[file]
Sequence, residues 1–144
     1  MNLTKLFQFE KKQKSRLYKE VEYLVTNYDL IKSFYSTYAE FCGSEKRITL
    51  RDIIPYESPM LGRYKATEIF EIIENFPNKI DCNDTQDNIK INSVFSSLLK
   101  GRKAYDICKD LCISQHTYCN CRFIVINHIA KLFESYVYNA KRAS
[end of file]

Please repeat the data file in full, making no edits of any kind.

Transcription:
Sequence, residues 1–144
     1  MNLTKLFQFE KKQKSRLYKE VEYLVTNYDL IKSFYSTYAE FCGSEKRITL
    51  RDIIPYESPM LGRYKATEIF EIIENFPNKI DCNDTQDNIK INSVFSSLLK
   101  GRKAYDICKD LCISQHTYCN CRFIVINHIA KLFESYVYNA KRAS